The Cypher System, already in use in the Numenera and The Strange RPGs, is lauded for its elegance, flexibility, ease of use, and focus on narrative. In the Cypher System, players roll all the dice—but even more importantly, it’s up to them to seek advantages that improve their odds of success rather than relying an a slate of modifiers. The GM’s job is to present imaginative and colorful situations, not fiddle with a lot of math. Some people call it a “rules-light” system, but it has all the power and sophistication of games that are much more mechanically heavy—and substantially more flexibility.
Cypher System gameplay involves a simple die roll to determines success or failure in any kind of action. The GM assigns a difficulty on a scale of 1 to 10—a 1 is extremely simple, while a 10 represents a herculean task beyond the means of most mortals. Once the GM has assigned this difficulty, the rest is up to the players.
Players apply their skills and experience, tools or other advantages, aid from one another, and other assets to reduce this difficulty. They can also focus a limited resource called Effort to further lower the difficulty of actions really important to them.
Once a player has reduced the difficulty as much as she is able, she rolls a d20. The target number is equal to three times the difficulty.
This system resolves every task, including combat. Creatures and NPCs have levels, and an opponent’s level is the difficulty of any task it opposes. (There’s more on this under Running the Cypher System.)
Every character has a set of three Pools, representing Intellect, Speed, and Might. Characters spend points from their Pools to apply Effort to a roll, and sometimes to power their special abilities. Damage also affects Pools. Other than the Pools, characters are not defined by numerical stats.
Characters earn Experience Points—XP—when they make new, interesting discoveries or otherwise succeed in the objectives of their adventures. (Killing things is not directly related to XP, although combat is often necessary to make discoveries and accomplish missions). They also earn XP when the GM “intrudes” on the action of the game to introduce new complications. Lastly, players have the ability to award XP to other players for great ideas, useful actions, or other reasons.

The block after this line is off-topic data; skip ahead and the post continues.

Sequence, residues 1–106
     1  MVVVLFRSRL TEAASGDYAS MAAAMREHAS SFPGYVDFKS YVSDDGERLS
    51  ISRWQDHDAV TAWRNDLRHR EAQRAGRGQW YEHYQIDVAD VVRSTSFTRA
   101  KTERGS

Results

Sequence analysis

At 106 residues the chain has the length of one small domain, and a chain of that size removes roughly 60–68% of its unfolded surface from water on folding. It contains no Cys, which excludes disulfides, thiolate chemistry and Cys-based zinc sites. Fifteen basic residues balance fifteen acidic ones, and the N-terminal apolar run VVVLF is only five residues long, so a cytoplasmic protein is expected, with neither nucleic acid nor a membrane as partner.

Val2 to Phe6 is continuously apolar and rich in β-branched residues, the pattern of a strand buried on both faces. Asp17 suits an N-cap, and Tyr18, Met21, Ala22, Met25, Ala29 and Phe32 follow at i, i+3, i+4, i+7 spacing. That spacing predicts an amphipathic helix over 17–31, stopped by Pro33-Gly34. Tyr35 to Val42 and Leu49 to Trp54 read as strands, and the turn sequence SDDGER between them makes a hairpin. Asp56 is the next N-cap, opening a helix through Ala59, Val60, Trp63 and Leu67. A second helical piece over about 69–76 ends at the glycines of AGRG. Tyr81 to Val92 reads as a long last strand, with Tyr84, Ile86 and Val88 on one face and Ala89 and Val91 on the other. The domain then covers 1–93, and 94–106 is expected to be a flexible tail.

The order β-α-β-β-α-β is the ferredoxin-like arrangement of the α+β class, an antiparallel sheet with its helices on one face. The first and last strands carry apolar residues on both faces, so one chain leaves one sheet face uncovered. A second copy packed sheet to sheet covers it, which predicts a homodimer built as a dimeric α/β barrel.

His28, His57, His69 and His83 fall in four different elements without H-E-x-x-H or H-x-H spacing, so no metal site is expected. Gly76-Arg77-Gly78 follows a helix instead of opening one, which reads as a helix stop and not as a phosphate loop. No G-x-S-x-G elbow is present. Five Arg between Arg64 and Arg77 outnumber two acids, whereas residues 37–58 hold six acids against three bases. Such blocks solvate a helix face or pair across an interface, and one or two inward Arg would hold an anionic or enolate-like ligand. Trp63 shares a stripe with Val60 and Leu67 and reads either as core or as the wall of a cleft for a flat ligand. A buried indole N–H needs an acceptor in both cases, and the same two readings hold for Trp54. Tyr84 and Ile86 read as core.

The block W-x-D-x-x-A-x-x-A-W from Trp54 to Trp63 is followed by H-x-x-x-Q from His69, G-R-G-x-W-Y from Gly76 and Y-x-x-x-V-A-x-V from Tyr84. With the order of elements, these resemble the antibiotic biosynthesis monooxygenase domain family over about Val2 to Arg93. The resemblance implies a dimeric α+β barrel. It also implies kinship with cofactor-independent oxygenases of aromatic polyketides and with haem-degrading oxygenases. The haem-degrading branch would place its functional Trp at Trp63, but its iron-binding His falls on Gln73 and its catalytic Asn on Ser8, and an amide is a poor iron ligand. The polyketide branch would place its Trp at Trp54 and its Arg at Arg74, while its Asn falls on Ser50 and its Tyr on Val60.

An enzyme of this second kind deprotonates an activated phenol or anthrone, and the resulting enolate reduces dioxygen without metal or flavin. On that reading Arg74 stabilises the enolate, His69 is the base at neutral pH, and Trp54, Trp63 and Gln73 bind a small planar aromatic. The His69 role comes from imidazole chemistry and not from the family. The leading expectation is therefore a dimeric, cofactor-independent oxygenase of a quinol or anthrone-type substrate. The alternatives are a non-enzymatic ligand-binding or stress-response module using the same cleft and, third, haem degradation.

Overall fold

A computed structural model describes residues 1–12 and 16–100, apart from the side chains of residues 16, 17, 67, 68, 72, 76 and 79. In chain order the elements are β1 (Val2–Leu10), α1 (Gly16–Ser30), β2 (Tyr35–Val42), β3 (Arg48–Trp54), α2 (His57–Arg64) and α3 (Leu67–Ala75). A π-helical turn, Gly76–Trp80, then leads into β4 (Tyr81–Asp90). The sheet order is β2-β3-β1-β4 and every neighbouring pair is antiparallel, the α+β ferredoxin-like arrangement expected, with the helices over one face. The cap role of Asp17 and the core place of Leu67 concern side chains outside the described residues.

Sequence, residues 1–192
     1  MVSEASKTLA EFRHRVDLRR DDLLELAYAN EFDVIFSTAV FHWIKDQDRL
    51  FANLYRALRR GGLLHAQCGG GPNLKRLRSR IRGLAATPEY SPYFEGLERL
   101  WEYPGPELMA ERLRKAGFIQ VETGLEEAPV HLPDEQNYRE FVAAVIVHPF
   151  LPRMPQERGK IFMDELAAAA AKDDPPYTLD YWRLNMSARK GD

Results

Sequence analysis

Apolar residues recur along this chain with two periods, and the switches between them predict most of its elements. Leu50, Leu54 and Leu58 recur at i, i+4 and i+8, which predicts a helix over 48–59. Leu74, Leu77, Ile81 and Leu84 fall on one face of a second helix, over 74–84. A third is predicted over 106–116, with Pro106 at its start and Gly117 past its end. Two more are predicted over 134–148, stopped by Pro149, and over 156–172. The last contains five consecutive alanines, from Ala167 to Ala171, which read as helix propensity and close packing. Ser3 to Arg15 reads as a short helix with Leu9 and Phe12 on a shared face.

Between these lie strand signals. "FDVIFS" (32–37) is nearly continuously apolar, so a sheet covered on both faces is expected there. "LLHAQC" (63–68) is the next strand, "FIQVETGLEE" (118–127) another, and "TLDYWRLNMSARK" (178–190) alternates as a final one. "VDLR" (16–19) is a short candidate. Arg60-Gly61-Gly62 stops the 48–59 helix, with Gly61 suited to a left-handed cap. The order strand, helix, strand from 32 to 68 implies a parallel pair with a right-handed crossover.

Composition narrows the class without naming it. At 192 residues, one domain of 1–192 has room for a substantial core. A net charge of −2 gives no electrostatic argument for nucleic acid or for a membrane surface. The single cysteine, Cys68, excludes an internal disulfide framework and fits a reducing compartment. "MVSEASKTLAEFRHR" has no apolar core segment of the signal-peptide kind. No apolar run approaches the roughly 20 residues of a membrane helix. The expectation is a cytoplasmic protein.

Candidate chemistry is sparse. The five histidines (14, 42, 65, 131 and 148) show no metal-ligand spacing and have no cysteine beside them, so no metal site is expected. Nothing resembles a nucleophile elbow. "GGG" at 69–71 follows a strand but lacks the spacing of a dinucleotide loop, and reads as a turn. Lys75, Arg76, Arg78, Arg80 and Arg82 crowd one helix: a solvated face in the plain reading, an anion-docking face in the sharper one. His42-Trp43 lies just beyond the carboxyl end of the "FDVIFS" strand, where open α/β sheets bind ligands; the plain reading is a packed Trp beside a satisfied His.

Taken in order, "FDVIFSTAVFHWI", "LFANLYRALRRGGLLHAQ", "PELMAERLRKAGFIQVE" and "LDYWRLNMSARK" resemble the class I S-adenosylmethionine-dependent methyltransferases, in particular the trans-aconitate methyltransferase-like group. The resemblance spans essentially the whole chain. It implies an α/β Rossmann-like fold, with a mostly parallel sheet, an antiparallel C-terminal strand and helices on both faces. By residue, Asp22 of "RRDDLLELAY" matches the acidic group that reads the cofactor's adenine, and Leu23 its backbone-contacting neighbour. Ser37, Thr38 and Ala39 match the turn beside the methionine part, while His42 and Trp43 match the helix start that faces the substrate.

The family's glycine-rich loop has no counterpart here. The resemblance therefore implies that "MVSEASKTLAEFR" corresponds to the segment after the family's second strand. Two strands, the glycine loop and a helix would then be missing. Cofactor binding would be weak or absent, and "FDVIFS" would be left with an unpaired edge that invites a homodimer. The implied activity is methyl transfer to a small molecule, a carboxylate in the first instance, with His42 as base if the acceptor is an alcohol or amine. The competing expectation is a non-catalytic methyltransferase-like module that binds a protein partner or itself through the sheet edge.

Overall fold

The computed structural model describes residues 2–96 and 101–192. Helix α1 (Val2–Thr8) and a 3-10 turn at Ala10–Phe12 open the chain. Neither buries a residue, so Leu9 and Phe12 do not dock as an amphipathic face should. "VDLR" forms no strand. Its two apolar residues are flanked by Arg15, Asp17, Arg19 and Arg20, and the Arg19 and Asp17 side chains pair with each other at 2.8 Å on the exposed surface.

XP can be spent to increase character abilities, or to affect events in the game (such as rerolling dice), gain short-term benefits, or advance in tier.
Cyphers (not surprisingly, given the name) lie at the heart of the Cypher System. Cyphers are one-use abilities that characters gain over the course of play. In many games, these come in the form of items, like magic potions or bits of alien technology. In others, they’re more esoteric, like inspirations or divine blessings. Cyphers are designed for frequent discovery and use. PCs can have only a small number of cyphers at a given time, and since they’re always finding more, they’re encouraged to use them at a steady pace.
Why cyphers? Characters in the Cypher System—as in pretty much every RPG—have abilities that rarely or never change and can always be counted on. Cyphers give them additional abilities that are ever-changing and inject a great deal of variability in play. They help ensure that no game session ever feels just like the last, and that characters always remain dynamic. This week your character can solve the problem by walking through walls, but last time it was because you could create an explosion that would level a city block.
Potions or scrolls? Amulets or smartphone viruses? Crystals, gadgets, or mind-warping words from forbidden tomes? The blessings of a supernatural being, or bits of alien technology left behind by long-forgotten transdimensional civilizations? Cyphers in your campaign can take any of a thousand different forms.
Running the Cypher System
The Cypher System has been uniquely designed to make things easy on the GM. The goal is to decrease the amount of time the GM spends juggling game stats, and allow him to instead focus entirely on the story and the action at hand. Creatures, NPCs, and entire encounters are incredibly easy to make up on the fly—and even easier to run—but they still present vivid and interesting challenges.
In combat, for example, an opponent’s level determines the difficulty to attack it, and to defend against its attacks. (Or anything else for that matter—tricking it, talking it into something, seeing through its deceptions, and so on.) That doesn’t mean opponents are necessarily one-dimensional: A level 3 creature might make attacks with its fire whip as though it was level 5, but defend against mental attacks as if it was level 2. The design focus, though, is on a creature’s motivations, tactics, and interesting abilities, rather than a large block of statistical information. This frees the GM’s attention to focus on using creatures, story elements, the game environment, and so on in a creative manner, rather than on modifiers and numerical details.
In short, the Cypher System’s game engine elegantly keeps the focus on story and action, without sacrificing structure or mechanical detail.